Humans need to address the fact that they will not live forever, the earlier in life the better. We need to experience death as a concept before we experience it as a reality. Ditto with grief. If we teach our children that death is a part of the life cycle for humans, and that we do not know how much time we have, perhaps our children would value every moment they’ve got.
Physicians need to be reimbursed for the time spent discussing this reality with their patients. So much of our healthcare budget is spent on treatments that might prolong a patient’s life beyond what they truly want, giving them quantity without quality. So many patients wish to die at home, but don’t know what a viable option that really is. So many do not want heroic measures used to save their lives, but because they’ve never discussed it with their loved ones (or even realized that the discussion needs to happen) they will be hospitalized and ventilated and fed through a tube well beyond what they would have wished.
Families need to have marching orders from their loved ones before their loved ones are unable to speak. Remember Terri Schiavo, anyone? Advance Directive planning is a blessing to the patient, family and provider. If you wish for heroic measures to be taken, that’s all well and good, but if not your family needs to know, and they need to know now. Your preferences will change with time and with your own health. This is an ongoing consideration for us all.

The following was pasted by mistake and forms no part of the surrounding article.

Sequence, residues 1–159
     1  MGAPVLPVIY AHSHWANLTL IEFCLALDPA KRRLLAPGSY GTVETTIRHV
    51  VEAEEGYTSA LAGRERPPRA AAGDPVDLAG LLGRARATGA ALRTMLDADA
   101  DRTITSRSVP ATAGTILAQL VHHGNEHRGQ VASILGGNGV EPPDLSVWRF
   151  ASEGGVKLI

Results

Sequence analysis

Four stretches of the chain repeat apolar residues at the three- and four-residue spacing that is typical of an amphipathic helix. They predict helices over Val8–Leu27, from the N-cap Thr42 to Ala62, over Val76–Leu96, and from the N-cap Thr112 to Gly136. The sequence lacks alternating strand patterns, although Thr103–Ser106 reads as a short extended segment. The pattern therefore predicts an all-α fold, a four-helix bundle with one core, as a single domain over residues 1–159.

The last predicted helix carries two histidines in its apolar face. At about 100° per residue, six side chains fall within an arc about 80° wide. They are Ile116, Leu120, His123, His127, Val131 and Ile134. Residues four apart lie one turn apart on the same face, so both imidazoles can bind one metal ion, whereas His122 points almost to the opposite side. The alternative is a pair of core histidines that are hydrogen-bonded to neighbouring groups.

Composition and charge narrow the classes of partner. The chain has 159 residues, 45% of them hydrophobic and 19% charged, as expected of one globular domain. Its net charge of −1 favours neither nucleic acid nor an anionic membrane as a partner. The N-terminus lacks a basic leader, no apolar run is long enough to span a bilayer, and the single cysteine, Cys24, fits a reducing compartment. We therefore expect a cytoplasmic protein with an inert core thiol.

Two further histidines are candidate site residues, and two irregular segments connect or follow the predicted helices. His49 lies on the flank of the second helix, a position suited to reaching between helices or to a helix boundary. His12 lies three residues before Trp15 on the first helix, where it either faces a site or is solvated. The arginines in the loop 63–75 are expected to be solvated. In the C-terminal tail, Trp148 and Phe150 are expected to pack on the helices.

I will talk frankly with my child (in age-appropriate ways) about death and the fact that none of us get out of this aliveMinimizing fear through calm discussion and openess to her questions, willingness to go with her to the hard places.
How Doctors Die – The Health Care Blog
“It’s not a frequent topic of discussion, but doctors die, too. And they don’t die like the rest of us. What’s unusual about them is not how much treatment they get compared to most Americans, but how little. For all the time they spend fending off the deaths of others, they tend to be fairly serene when faced with death themselves. They know exactly what is going to happen, they know the choices, and they generally have access to any sort of medical care they could want. But they go gently.”